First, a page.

Warming up is important for improved performance and mitigating injuries. Not only does it serve to prepare the body, but it also motivates mentally for the challenges of difficult drills and games ahead.

Why Warming Up Is Important

The body requires time to transition from rest to strenuous physical activity. As the body temperature is raised the chemical processes in the muscles react faster and nerves signal faster. The joints are lubricated, and the articular cartilage absorbs joint fluid thereby making it thicker. The circulation is increases and the blood vessels are expanded in the working muscles. The nervous system becomes "tuned" to improve coordination. This improves performance and reduced risk of injury and has a significant impact on high intensitiy activities such as strength training, ball games and martial arts.

The Best Approach to Warming Up

Warming up should include movements that are similar to the exercise you are warming up for. If you are planning to do a specific hard drill then warm up the muscles and joints related to that drill. Start with a light load at a moderate pace and increase the intensity as the body gets warmer. The pulse should be gradually increased over a period of several minutes. It is a mistakes is to put hard exercises too early which can cause injuries and tire you.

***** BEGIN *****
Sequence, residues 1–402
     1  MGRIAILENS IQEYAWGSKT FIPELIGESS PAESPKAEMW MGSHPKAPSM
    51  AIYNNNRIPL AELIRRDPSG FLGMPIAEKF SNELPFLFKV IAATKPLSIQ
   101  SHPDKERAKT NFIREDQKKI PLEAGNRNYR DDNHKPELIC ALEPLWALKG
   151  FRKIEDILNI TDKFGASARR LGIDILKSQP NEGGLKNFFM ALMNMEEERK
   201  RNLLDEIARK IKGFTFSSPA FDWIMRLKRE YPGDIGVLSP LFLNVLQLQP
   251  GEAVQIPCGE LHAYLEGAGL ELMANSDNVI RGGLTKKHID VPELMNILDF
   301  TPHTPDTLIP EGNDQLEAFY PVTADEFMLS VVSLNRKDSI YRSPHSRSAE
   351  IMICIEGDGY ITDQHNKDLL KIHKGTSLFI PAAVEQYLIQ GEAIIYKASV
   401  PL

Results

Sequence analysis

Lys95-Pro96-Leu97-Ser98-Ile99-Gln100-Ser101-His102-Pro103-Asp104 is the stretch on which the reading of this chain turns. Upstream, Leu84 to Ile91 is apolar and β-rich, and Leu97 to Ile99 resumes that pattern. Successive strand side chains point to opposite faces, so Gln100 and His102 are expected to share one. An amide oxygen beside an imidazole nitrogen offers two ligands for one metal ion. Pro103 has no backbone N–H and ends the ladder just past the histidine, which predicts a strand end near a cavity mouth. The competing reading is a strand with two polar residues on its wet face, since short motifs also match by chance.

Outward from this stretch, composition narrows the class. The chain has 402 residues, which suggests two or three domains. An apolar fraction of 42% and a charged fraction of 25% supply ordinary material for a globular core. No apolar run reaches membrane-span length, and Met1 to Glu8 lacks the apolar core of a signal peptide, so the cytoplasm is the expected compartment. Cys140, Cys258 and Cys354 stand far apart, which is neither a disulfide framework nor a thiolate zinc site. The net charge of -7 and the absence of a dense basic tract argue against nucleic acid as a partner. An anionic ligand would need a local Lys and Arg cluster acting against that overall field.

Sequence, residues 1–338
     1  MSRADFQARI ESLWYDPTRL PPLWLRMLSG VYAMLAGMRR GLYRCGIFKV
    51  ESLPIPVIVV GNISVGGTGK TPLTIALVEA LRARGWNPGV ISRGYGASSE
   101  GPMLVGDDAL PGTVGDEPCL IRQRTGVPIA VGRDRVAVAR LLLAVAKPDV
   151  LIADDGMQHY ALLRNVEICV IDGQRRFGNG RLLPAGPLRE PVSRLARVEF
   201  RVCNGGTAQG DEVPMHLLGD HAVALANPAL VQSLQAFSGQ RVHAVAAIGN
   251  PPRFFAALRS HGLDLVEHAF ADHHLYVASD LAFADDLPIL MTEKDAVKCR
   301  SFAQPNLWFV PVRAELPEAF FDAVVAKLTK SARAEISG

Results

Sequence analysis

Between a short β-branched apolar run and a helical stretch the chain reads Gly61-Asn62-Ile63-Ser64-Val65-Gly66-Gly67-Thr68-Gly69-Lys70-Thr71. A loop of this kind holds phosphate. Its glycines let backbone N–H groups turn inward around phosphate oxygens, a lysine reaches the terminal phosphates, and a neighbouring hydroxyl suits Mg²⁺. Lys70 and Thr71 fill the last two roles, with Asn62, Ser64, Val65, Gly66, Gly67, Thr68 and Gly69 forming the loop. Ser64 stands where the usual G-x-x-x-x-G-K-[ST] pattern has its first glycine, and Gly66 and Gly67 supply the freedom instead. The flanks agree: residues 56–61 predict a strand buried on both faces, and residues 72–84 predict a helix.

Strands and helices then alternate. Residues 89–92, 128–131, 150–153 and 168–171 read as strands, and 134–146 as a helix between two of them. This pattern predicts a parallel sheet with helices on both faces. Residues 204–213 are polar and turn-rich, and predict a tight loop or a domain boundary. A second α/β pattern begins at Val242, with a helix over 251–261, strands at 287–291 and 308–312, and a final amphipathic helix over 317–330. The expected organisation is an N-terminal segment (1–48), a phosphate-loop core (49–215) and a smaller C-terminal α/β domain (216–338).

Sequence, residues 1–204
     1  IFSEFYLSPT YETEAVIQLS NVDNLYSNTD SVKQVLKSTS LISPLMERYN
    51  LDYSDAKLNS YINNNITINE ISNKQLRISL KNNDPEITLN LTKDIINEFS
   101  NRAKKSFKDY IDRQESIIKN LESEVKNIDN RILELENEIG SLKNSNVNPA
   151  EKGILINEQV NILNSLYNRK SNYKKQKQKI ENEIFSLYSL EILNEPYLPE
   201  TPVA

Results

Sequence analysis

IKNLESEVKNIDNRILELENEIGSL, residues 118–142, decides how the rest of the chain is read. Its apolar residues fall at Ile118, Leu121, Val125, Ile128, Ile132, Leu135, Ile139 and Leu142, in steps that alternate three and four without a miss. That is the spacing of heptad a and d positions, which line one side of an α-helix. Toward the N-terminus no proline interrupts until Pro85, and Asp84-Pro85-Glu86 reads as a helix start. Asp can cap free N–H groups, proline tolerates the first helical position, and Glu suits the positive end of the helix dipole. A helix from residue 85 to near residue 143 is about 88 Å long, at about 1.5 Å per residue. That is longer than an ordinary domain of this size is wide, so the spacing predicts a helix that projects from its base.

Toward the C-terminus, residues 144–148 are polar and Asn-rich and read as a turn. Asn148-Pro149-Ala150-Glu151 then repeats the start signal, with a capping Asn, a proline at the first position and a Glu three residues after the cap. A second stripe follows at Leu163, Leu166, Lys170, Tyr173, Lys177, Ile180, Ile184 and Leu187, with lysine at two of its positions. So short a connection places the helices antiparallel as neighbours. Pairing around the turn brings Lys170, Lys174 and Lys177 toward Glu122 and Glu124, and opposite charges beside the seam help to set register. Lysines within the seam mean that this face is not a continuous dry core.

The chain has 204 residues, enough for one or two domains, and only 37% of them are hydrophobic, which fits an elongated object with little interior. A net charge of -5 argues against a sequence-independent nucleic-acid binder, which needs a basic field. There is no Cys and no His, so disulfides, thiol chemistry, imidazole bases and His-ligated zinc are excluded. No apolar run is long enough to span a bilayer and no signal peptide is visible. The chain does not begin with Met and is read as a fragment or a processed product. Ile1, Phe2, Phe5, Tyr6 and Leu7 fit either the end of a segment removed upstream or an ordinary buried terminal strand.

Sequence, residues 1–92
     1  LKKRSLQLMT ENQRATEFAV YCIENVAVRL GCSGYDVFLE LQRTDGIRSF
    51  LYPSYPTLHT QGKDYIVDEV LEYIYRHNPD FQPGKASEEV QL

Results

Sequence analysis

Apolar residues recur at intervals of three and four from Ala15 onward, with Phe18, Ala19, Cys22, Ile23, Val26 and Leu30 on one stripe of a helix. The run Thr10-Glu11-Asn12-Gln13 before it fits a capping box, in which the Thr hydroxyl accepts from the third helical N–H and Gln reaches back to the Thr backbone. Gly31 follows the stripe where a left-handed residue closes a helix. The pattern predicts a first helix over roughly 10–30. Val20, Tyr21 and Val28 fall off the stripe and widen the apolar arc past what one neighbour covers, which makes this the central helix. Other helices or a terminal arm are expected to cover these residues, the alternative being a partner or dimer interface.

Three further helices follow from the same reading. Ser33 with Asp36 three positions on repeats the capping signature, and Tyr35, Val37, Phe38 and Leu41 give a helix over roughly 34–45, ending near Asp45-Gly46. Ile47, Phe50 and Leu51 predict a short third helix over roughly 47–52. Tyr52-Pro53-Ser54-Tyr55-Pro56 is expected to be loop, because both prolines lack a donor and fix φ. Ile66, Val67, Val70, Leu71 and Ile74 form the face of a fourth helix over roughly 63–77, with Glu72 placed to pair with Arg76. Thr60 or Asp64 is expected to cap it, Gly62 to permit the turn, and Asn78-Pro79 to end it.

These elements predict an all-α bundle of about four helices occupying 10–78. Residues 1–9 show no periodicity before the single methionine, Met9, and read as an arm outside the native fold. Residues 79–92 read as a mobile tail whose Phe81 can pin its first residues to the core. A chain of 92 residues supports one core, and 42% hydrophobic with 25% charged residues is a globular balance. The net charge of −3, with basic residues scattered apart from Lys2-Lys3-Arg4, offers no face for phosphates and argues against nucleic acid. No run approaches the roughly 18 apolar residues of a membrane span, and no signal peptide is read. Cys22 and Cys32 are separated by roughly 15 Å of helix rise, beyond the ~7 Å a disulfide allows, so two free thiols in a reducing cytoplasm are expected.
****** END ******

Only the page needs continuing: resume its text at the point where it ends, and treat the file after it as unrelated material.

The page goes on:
Duration of Warm-Up Matters

A warm-up should last at least 10 minutes to get a significant increase in muscle temperature. A warm-up of more than 30 minutes will not provide a bonus but may drain energy from the actual drills and games. Avoid hard strength training as a warm-up instead save it for later in the workout. When you are done warming up you should feel ready and not exhausted.

Can Stretching Exercises Prevent Sports Injuries?

Stretching exercises before and after sports are very common. The idea behind stretching is to change the mechanical conditions of the muscle by providing more flexibility or changes to the reflexes so that the movement of the joints becomes smoother. However, studies indicate that there is possibly no effect in stretching exercises in regard to injuries. Stretching can relieve some pain and increase suppleness. You should always warm up before you stretch in order to avoid injury. Muscles are like a rubber band - a cold rubber band will snap, whereas a warm rubber band is flexible and will stretch and return to its original shape.

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